Twelve years after the release of Gosford Park—one of director Robert Altman’s biggest hits—the film seems more relevant than ever, both for how it fits into Altman’s filmography and for how it presages one of today’s most popular TV series. Screenwriter Julian Fellowes won an Academy Award for Gosford Park, and would go on to create the wildly successful and very similar BBC drama Downton Abbey, proving that the audience that turned out for the movie hadn’t yet gotten its fill of aristocrats and servants dealing with the changing mores of early 20th century England. In retrospect, Gosford Park is also of a piece with the quieter, warmer films that Altman made in his last decade of life (after receiving a heart transplant, he later revealed). Coming two years after the well-received Southern dramedy Cookie’s Fortune, Gosford Park found Altman staying fairly faithful to Fellowes’ script, not trying to come at the material from too many odd angles. Instead, Altman let his teeming cast of British and American actors have fun with Fellowes’ urbane dialogue, while he moved his camera easily around them, enjoying their work. For a film about murder and class tension, Gosford Park is pretty easygoing. It airs on Showtime Showcase at 9 p.m. Eastern.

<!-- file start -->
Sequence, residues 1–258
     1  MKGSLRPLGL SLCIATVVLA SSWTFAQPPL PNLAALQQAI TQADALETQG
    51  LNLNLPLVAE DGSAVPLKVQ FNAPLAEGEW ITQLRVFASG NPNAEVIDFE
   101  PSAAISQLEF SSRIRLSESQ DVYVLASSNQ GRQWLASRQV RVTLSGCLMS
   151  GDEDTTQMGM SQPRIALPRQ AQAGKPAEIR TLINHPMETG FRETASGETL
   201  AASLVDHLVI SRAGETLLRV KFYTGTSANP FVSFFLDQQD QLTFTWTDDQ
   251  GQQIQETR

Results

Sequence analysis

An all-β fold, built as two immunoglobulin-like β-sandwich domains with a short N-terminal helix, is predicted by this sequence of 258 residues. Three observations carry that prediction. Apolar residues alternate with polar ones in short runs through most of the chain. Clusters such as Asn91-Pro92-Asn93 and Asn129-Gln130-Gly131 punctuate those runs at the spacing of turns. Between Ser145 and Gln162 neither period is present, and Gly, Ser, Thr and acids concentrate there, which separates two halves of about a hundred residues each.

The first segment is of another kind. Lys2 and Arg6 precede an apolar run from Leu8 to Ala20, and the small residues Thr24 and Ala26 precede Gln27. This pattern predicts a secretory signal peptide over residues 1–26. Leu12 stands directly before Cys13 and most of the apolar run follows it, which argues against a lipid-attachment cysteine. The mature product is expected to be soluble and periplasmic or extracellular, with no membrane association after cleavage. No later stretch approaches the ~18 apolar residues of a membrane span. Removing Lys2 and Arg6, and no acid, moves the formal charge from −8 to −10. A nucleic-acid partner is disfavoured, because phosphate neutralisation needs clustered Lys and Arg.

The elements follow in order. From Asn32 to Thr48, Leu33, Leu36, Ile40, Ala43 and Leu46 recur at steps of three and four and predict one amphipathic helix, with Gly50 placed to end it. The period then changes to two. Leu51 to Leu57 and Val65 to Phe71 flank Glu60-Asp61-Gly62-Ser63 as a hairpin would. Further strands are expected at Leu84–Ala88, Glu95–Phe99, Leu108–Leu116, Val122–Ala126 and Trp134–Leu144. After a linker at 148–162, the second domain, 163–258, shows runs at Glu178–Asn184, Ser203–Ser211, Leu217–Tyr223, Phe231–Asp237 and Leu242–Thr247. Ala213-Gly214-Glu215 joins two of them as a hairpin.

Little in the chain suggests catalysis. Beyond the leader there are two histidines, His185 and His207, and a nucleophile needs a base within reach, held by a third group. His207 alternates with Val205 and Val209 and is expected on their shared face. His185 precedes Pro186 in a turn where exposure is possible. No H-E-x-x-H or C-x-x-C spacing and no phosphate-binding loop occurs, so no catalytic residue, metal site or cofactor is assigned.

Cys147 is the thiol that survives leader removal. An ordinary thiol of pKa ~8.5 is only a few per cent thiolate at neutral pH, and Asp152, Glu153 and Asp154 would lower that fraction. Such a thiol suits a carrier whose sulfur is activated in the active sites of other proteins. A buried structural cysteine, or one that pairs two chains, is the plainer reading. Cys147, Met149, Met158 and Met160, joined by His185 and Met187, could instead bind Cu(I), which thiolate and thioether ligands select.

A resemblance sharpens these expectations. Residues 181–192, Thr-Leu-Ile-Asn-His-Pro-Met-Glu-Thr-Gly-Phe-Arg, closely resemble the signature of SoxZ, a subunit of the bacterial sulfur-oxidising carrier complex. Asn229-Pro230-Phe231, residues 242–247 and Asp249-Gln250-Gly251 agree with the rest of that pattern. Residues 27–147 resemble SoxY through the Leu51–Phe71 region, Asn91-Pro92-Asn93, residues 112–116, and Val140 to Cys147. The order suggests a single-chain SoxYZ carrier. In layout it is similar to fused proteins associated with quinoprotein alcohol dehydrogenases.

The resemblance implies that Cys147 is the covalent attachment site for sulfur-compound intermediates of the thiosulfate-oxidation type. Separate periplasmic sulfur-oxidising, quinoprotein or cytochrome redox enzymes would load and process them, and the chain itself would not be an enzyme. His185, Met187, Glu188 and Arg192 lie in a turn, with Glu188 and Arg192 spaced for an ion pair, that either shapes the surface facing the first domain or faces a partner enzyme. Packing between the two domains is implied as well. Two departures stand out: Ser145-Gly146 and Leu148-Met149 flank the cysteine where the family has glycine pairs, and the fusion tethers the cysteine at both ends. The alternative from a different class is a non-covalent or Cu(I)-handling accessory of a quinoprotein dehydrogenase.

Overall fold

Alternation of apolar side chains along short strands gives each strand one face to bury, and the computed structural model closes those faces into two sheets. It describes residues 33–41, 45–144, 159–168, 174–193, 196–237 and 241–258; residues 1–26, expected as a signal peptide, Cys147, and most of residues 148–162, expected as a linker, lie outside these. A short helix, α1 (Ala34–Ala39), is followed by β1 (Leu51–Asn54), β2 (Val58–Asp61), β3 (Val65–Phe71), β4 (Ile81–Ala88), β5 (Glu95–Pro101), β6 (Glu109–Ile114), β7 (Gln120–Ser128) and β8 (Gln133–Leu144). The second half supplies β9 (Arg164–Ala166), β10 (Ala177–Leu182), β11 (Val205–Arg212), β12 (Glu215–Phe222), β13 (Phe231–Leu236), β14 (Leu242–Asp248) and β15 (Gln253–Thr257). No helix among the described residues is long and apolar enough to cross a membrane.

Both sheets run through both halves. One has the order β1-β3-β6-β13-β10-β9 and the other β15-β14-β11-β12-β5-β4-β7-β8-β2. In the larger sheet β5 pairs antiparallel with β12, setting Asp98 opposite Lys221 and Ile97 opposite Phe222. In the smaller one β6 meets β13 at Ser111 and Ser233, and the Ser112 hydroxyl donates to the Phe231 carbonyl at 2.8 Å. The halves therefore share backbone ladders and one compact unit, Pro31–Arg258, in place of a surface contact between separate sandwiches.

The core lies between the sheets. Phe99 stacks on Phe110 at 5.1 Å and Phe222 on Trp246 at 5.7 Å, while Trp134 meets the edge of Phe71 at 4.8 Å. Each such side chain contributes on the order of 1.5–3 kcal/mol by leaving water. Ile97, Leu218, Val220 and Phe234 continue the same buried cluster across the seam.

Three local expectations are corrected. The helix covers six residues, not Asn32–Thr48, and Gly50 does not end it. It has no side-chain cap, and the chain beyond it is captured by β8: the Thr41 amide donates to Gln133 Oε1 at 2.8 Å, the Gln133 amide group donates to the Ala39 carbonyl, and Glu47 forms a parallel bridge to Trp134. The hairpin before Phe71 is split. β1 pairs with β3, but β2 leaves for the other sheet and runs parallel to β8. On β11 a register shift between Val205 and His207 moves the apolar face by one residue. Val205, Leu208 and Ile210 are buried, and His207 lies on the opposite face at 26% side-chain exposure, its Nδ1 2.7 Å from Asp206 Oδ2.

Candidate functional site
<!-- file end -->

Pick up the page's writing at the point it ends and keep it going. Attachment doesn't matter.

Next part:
Or: For something completely un-Gosford Park-like, HDNet movies is showing John Woo’s second English-language movie, Broken Arrow, at 12:30 a.m. Eastern. Though not as much fun as Woo’s first American film Hard Target, Broken Arrow features an entertaining John Travolta performance as as a rogue Air Force pilot who hijacks a nuclear weapon to blackmail the government (while Christian Slater is the ex-buddy who pursues Travolta across the alkali flats of Utah). And Graham Yost’s script, although a little generic, leaves room for Woo to explore his usual theme of powerful men locked in a violent dance.